https://doi.org/10.1371/journal.pgen.1000280.g006

If the methyl DNA-binding activity of SUVH9 and SUVH2 is important for DRM2 activity, then their SRA domains should be necessary for successful genomic complementation. To test this, mutations analogous to those isolated in the KYP SRA-domain [12] were introduced into the otherwise complementing SUVH9 and SUVH2 epitope-tagged transgenes, and mutant transgenic lines were used in complementation experiments. RT-qPCR of the SDC gene revealed that the SRA mutation in SUVH9 (S252F: equivalent to KYP S200F) resulted in an increase of expression 10 fold above what was observed in suv9 suvh2 kyp/SUVH9 (Figure 6B). A SUVH2 SRA mutant (E262K: equivalent to KYP E208K) also showed a loss of activity as measured by methylation of MEA-ISR (Figure 6C). In neither case did the mutation destabilize the protein in plants (Figure 6B and Figure 6C, lower panels). These results suggest that the SRA domains of SUVH9 and SUVH2 are critical to their function in DRM2-mediated DNA methylation.

Discussion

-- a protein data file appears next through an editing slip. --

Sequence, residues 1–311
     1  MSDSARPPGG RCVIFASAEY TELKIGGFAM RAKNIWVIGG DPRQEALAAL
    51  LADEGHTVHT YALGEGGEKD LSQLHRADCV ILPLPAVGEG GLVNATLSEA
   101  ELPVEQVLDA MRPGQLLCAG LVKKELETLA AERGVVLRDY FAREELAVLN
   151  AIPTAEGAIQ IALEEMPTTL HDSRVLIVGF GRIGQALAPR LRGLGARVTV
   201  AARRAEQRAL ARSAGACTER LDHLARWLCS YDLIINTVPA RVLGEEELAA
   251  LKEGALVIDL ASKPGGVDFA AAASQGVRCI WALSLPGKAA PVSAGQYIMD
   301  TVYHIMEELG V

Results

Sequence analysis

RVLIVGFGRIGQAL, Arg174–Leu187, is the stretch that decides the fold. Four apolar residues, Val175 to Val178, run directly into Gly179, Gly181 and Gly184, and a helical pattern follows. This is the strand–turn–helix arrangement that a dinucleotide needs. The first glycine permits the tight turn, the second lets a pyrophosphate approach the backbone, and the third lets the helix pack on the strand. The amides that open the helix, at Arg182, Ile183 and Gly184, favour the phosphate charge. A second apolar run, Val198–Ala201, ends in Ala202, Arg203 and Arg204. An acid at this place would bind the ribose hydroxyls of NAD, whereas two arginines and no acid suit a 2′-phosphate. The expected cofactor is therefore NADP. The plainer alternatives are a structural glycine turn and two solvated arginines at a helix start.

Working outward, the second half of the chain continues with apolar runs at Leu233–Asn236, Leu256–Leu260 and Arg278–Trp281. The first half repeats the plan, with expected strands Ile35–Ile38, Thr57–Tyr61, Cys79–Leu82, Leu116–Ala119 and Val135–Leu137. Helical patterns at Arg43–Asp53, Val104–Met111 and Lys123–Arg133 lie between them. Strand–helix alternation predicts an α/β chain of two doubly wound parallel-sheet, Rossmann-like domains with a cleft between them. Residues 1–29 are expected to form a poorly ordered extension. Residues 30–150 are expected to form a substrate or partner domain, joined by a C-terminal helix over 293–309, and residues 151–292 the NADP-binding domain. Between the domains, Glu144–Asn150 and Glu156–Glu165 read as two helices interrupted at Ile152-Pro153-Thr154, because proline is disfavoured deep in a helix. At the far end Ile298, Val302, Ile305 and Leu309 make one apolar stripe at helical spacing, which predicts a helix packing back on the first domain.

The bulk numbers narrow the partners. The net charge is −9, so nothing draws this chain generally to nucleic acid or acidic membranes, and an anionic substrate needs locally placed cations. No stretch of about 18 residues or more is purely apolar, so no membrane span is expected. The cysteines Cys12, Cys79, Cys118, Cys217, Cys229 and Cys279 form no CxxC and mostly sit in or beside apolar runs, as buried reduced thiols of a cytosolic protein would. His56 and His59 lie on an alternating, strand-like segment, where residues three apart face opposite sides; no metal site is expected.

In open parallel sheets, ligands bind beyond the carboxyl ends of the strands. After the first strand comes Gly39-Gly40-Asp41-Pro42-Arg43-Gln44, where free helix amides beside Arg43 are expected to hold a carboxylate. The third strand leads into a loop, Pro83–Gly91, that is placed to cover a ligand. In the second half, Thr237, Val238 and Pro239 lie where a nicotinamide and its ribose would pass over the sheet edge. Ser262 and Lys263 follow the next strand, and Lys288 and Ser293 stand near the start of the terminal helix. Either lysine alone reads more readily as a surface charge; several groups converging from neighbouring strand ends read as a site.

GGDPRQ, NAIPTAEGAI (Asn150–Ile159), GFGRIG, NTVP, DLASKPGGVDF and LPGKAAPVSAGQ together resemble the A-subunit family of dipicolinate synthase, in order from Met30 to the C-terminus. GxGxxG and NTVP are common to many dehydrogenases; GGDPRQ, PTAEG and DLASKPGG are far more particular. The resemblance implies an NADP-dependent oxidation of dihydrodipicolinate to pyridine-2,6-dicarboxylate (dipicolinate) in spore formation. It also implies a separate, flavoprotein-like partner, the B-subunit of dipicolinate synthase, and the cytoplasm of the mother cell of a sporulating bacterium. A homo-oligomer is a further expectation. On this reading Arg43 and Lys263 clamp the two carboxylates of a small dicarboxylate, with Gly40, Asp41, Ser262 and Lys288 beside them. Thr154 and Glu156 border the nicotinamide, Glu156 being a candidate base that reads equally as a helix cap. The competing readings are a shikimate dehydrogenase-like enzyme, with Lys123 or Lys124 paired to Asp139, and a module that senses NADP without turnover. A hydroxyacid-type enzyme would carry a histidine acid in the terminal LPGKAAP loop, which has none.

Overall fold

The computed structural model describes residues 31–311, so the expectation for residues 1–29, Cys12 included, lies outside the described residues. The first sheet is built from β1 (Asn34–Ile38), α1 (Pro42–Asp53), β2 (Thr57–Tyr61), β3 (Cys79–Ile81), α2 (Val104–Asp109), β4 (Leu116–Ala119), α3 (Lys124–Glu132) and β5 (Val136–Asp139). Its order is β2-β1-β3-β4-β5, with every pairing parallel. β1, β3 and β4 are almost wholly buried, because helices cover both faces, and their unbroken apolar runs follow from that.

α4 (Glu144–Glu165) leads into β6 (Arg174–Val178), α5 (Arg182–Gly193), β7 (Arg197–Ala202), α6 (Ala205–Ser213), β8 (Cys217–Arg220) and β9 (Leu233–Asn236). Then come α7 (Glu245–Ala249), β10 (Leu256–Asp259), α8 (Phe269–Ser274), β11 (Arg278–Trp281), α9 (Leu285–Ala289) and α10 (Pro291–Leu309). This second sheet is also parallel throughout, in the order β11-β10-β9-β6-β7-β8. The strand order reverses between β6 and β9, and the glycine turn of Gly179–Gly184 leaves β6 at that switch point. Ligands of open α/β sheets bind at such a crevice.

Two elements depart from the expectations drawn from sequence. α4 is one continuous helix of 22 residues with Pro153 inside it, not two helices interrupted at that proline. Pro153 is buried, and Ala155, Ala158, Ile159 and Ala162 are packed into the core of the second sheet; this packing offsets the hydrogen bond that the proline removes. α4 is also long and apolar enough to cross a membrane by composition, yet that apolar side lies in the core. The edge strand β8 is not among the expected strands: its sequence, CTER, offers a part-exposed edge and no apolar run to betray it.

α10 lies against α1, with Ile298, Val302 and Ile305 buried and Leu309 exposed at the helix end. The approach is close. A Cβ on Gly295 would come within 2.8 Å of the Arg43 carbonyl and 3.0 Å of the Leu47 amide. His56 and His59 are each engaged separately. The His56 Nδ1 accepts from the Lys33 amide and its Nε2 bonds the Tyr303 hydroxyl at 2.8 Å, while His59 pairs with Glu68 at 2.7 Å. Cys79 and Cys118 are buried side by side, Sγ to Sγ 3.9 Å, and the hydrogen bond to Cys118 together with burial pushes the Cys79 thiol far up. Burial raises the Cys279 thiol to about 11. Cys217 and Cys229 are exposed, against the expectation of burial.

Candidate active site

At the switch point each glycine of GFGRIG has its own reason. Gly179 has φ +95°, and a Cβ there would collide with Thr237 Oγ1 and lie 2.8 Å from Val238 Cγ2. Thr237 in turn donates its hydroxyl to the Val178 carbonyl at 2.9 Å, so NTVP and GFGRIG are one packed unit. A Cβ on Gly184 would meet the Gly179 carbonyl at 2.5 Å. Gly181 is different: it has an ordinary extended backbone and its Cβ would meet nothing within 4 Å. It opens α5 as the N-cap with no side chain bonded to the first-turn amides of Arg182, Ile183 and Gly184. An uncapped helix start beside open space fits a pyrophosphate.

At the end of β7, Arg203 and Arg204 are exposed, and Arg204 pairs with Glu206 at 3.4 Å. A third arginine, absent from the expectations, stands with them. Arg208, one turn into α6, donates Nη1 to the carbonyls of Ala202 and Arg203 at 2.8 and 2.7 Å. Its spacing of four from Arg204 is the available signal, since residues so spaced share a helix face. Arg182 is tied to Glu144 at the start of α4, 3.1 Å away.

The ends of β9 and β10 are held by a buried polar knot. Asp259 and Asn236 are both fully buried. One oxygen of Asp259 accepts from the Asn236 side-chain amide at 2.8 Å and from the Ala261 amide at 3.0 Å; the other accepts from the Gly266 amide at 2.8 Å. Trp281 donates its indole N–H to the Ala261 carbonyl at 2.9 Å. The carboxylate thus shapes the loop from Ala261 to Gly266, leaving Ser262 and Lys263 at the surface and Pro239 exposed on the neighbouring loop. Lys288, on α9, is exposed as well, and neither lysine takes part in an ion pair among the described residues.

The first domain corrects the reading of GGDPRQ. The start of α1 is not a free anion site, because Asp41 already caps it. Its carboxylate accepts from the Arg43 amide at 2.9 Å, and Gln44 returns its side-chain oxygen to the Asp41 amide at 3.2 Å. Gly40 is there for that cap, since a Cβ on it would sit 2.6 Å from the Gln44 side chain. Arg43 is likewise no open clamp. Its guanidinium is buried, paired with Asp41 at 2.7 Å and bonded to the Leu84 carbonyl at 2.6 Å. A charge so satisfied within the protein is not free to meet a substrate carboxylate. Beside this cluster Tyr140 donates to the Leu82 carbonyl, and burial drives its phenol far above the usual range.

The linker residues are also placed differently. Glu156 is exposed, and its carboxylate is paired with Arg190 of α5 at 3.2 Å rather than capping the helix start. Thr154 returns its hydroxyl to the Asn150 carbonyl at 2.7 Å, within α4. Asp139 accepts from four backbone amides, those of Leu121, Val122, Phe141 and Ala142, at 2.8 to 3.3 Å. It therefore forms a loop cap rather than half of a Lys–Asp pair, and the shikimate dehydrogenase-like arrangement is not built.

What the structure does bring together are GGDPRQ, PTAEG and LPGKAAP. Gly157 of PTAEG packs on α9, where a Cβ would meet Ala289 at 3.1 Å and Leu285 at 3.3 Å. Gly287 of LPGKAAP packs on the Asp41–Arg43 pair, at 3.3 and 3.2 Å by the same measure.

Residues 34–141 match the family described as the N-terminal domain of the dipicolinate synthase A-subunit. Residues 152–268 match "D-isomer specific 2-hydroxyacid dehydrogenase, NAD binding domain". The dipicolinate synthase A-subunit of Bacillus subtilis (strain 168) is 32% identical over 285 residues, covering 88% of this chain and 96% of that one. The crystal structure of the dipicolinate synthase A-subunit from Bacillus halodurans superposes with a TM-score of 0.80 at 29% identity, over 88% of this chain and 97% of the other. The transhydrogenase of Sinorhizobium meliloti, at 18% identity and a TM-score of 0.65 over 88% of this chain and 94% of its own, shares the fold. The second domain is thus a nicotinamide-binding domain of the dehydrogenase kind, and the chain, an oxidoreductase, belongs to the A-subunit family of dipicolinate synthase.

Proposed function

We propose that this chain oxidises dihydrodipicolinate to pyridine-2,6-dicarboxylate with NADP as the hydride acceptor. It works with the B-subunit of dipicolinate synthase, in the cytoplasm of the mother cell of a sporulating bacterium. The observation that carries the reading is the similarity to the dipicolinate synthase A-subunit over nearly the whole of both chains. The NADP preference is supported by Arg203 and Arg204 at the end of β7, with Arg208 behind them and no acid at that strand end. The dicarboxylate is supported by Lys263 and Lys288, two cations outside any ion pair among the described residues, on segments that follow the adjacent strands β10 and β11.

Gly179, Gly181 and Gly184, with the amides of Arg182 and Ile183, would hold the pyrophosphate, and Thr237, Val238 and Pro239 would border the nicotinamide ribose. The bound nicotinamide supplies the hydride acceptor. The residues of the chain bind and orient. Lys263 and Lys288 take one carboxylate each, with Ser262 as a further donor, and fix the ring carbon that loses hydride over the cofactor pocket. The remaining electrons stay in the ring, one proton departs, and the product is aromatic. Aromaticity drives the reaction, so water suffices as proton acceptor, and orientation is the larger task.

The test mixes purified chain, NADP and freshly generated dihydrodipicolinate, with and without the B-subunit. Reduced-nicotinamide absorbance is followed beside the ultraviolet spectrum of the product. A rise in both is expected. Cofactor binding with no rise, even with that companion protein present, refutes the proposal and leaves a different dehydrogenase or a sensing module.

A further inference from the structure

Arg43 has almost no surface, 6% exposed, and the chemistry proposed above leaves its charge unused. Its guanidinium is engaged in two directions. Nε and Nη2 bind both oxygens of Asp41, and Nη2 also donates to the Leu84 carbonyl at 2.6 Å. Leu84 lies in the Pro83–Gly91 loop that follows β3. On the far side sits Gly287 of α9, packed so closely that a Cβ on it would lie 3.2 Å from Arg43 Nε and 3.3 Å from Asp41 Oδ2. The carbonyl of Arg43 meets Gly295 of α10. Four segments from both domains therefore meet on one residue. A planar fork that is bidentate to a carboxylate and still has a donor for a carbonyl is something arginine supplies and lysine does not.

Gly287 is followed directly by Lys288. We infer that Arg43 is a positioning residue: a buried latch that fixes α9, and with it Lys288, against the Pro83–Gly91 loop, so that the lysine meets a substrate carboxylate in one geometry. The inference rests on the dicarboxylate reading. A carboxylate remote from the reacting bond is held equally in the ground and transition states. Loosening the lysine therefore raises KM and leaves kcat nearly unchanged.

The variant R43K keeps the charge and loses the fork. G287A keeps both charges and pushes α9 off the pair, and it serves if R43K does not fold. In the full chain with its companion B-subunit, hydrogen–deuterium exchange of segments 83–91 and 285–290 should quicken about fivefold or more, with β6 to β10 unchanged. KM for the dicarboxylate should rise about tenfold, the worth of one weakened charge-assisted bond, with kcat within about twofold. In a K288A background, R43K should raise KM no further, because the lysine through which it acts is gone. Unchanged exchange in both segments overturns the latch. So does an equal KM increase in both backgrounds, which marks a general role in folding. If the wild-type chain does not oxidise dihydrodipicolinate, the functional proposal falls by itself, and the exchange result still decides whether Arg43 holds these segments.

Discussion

DRM2 is the major enzyme responsible for de novo methylation and maintenance of non-CG methylation in Arabidopsis. siRNAs produced by RNA Pol IV, RDR2, and DCL3 and bound by AGO4 are necessary for targeting DRM2 to specific sequences resulting in DNA methylation [36],[37]. This process has also been shown to involve two SNF2 homologs, DRD1 and CLASSY, and a chromosome architectural protein (DMS3) homologous to the hinge region of SMC [37],[38]. We show here that SUVH9 and SUVH2 are also required for RNA-directed DNA methylation. Knocking out SUVH9 and/or SUVH2 blocks maintenance of non-CG methylation by DRM2 at multiple loci and prevents de novo methylation of the FWA transgene. Furthermore, we show that these two proteins function after the initial biosynthesis of siRNAs, suggesting they may be involved in a later step in the DRM2 pathway.